Clinton up by 12 points over Trump in ABC News tracking poll

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CeFaan Kim has the latest details.

Hillary Clinton has vaulted to a double-digit lead in the inaugural ABC News 2016 election tracking poll, boosted by broad disapproval of Donald Trump on two controversial issues: His treatment of women and his reluctance to endorse the election's legitimacy.

Likely voters by a vast 69-24 percent disapprove of Trump's response to questions about his treatment of women. After a series of allegations of past sexual misconduct, the poll finds that some women who'd initially given him the benefit of the doubt have since moved away.

Fifty-nine percent of likely voters, moreover, reject Trump's suggestion that the election is rigged in Clinton's favor, and more, 65 percent, disapprove of his refusal to say whether he'd accept a Clinton victory as legitimate. Most strongly disapprove, a relatively rare result.

All told, Clinton leads Trump by 12 percentage points among likely voters, 50 to 38 percent, in the national survey, her highest support and his lowest to date in ABC News and ABC News/Washington Post polls. Gary Johnson has 5 percent support, Jill Stein 2 percent.

The results mark a dramatic shift from Clinton's +4 points in the last ABC/Post poll Oct. 13. That survey was conducted after disclosure of an 11-year-old videotape in which Trump crudely described his sexual advances toward women, but before the events that have followed: A series of women saying he sexually assaulted them, which Trump has denied; his continued refusal to say whether he'd accept the election's legitimacy; and the final debate, which likely voters by 52-29 percent say Clinton won.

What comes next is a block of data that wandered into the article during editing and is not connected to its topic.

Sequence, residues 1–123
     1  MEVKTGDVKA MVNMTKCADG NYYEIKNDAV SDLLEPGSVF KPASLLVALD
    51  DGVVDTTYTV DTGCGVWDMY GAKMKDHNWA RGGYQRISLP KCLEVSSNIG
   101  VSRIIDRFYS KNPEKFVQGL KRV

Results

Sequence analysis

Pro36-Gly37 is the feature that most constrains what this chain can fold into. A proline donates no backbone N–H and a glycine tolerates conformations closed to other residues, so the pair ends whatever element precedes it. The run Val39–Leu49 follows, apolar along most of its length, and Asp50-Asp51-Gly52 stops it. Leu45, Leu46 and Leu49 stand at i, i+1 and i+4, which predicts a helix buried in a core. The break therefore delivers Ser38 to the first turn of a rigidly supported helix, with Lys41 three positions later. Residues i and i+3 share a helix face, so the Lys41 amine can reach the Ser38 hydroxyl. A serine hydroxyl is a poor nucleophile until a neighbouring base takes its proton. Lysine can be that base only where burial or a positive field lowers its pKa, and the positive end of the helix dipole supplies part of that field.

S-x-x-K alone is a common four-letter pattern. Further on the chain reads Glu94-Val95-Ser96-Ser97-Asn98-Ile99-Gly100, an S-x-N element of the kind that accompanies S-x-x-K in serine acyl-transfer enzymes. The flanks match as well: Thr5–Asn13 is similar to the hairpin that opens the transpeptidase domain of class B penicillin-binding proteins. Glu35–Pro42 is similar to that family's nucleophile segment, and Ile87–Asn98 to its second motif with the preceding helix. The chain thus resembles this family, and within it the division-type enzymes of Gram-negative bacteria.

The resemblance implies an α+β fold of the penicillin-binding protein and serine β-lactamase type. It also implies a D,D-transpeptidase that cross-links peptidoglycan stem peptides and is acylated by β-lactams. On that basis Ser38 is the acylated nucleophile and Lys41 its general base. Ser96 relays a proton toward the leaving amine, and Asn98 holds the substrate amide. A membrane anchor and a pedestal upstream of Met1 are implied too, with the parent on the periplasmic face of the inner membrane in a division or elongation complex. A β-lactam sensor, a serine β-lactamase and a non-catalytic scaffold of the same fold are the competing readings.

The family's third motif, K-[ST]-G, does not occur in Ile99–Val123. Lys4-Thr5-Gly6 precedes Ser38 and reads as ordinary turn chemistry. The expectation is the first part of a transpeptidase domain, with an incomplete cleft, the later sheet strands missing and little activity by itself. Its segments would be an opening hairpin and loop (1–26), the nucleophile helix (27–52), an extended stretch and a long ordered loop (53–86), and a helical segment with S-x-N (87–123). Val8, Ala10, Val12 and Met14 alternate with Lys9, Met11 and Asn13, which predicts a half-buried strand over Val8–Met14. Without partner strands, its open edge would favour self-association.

This inaugural 2016 ABC News tracking poll, produced for ABC by Langer Research Associates, was conducted Thursday through Saturday among 1,391 adults, including 874 likely voters. This is the first in what will be daily ABC News tracking poll reports from now to Election Day. The Washington Post will join ABC's tracking survey later this week.

The previous ABC/Post poll found a sharp 12-point decline in enthusiasm for Trump among his supporters, almost exclusively among those who'd preferred a different GOP nominee. Intended participation now has followed: The share of registered Republicans who are likely to vote is down 7 points since mid-October.
Vote preference results among some groups also are striking. Among them:

Clinton leads Trump by 20 percentage points among women, 55-35 percent. She's gained 12 points (and Trump's lost 16) from mid-October among non-college-educated white women, some of whom initially seemed to rally to Trump after disclosure of the videotape.

Clinton has doubled her lead to 32 points, 62-30 percent, among college-educated white women, a group that's particularly critical of his response to questions about his sexual conduct. (Seventy-six percent disapprove, 67 percent strongly.)
That said, Clinton's also ahead numerically (albeit not significantly) among men, 44-41 percent, a first in ABC News and ABC/Post polling.

Trump is just +4 among whites overall, 47-43 percent, a group Mitt Romney won by 20 points in 2012. Broad success among whites is critical for any Republican candidate; nonwhites, a reliably Democratic group, favor Clinton by 54 points, 68-14 percent.

Trump's campaign bluntly acknowledged Sunday that the real estate mogul is trailing Clinton as the presidential race hurtles toward a close, but insisted he still has a viable path to win the White House.